[D’URFEY, Thomas.] ~ The Weesils. A satyrical fable: giving an account of some argumental passages happening in the Lion’s Court about Weesilions taking the oaths. London: [n.p.], printed in the year. 1691.
4to (220 × 155 mm.), pp. [ii], 12,  (postscript); leaf A2r in the second state with “SECTION” at head of verse and postscript (D2r) in state A, with the caption title “POSTSCRIPT” and horizontal line above “FINIS”. Title somewhat darkened, with trace of neat ownership name, final two leaves damp-stained, short tear to postscript skilfully repaired. Later drab wrapper, blank paper label to spine. A good copy.
First edition of D’Urfey’s anonymously published satire on William Sherlock, lampooning his notorious abandonment of nonjuror principles and satirising the reputed influence of his much-reviled wife. A Church of England clergyman and religious controversialist, Sherlock had allied himself with the nonjurors in 1689 by conspicuously refusing to take the oath to the newly crowned William and Mary. Onlookers were stunned Sherlock subsequently performed a complete about-face and very publicly prayed for the King and Queen as de facto sovereigns in 1690, a move which inevitably provoked much scorn from all sides.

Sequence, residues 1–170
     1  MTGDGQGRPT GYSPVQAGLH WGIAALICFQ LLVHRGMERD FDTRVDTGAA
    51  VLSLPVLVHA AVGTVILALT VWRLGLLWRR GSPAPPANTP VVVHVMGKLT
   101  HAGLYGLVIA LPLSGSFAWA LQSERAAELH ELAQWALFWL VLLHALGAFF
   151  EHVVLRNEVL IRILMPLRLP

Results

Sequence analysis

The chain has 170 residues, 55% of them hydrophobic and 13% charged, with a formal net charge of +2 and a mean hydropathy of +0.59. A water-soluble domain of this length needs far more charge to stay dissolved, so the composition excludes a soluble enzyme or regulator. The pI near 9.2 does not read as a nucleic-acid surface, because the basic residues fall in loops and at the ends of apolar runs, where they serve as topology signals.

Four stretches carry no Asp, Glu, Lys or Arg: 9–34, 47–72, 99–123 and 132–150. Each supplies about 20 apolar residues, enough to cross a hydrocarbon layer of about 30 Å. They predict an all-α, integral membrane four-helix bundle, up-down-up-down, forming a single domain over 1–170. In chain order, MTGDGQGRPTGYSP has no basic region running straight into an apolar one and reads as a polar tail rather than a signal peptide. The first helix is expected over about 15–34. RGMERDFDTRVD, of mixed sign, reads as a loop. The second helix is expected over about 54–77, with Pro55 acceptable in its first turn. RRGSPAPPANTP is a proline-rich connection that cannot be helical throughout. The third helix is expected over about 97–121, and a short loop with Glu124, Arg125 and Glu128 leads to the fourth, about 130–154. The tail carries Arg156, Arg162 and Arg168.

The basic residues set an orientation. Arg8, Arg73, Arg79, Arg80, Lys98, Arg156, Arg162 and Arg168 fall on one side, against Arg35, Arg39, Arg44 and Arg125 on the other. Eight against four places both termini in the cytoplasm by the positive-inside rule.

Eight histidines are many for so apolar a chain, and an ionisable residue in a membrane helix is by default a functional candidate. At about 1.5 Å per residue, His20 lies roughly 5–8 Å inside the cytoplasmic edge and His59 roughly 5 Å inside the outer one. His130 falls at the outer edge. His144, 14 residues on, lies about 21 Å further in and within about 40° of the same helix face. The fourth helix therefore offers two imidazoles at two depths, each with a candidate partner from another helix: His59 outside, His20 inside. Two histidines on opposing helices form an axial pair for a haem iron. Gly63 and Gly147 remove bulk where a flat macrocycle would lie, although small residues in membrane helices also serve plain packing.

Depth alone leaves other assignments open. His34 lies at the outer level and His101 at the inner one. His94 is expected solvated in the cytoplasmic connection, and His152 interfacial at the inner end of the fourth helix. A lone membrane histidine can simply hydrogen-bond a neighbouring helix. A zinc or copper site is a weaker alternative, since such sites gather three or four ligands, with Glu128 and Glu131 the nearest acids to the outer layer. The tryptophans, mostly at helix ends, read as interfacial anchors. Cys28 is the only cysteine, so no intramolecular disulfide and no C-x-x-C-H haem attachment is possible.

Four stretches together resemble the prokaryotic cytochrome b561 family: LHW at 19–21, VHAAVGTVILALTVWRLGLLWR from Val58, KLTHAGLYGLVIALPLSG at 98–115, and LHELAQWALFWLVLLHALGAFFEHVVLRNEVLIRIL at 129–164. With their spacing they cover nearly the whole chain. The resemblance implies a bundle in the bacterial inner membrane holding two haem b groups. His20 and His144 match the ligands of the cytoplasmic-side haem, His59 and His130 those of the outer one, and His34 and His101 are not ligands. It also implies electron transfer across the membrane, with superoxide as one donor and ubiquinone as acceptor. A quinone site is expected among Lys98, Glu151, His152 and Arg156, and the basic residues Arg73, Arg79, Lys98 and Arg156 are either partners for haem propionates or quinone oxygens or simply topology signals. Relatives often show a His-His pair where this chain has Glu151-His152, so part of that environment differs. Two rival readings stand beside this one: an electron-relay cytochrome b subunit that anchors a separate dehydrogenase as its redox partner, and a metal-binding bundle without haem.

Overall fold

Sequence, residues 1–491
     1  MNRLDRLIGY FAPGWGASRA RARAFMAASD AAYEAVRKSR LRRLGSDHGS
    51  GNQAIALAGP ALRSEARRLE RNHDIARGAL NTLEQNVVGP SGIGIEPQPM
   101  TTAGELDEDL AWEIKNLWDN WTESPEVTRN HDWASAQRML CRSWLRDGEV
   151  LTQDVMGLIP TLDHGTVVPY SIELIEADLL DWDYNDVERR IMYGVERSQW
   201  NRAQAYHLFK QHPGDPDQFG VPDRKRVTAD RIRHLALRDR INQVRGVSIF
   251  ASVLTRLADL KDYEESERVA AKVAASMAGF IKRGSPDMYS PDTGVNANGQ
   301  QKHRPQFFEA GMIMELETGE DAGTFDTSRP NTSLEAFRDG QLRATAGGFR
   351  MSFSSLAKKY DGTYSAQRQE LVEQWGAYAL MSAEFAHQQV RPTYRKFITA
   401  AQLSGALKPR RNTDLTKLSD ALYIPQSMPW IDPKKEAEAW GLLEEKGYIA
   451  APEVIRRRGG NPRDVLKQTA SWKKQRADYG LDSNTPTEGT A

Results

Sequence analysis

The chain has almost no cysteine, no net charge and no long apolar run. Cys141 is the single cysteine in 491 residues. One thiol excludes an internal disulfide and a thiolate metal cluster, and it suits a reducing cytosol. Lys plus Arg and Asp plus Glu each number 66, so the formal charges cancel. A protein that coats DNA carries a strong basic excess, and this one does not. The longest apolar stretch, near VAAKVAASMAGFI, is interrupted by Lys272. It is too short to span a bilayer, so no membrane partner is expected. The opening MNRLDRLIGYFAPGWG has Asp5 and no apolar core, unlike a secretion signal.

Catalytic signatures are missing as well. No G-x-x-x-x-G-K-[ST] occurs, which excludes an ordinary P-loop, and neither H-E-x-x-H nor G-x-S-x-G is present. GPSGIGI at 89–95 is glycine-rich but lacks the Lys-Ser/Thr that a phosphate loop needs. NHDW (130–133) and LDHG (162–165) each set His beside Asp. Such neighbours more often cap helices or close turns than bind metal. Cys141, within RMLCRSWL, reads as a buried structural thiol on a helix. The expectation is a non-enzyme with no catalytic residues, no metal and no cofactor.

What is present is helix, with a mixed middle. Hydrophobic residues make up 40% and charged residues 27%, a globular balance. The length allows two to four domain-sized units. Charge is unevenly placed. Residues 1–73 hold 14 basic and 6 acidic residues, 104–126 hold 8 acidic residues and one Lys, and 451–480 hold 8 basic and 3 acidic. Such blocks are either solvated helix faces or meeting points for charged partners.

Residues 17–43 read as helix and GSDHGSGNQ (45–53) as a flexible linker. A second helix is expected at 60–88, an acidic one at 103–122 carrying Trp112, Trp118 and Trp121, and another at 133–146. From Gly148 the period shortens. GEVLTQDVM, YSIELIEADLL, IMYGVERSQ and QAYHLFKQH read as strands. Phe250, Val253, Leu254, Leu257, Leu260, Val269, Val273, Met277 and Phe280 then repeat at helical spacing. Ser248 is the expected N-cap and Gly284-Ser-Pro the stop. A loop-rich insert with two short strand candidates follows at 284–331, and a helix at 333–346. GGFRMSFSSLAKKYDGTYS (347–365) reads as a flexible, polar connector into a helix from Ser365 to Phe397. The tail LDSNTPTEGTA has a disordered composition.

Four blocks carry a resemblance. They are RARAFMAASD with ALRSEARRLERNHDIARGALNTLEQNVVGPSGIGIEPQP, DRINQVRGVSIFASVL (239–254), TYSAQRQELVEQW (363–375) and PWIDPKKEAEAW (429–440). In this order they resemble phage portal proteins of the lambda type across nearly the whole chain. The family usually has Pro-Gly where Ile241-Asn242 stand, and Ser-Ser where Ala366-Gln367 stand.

D’Urfey himself was a popular comic playwright whose career had flourished under the patronage of Charles II. Briefly left in the political wilderness during the more sober reign of James II, the coronation of William III in 1689 offered new opportunities which D’Urfey was quick to exploit. Having pledged himself to the whigs, he wrote birthday songs and odes for the king and queen and further curried favour by producing a series of anonymous poems in which he satirised those opposed to the new regime.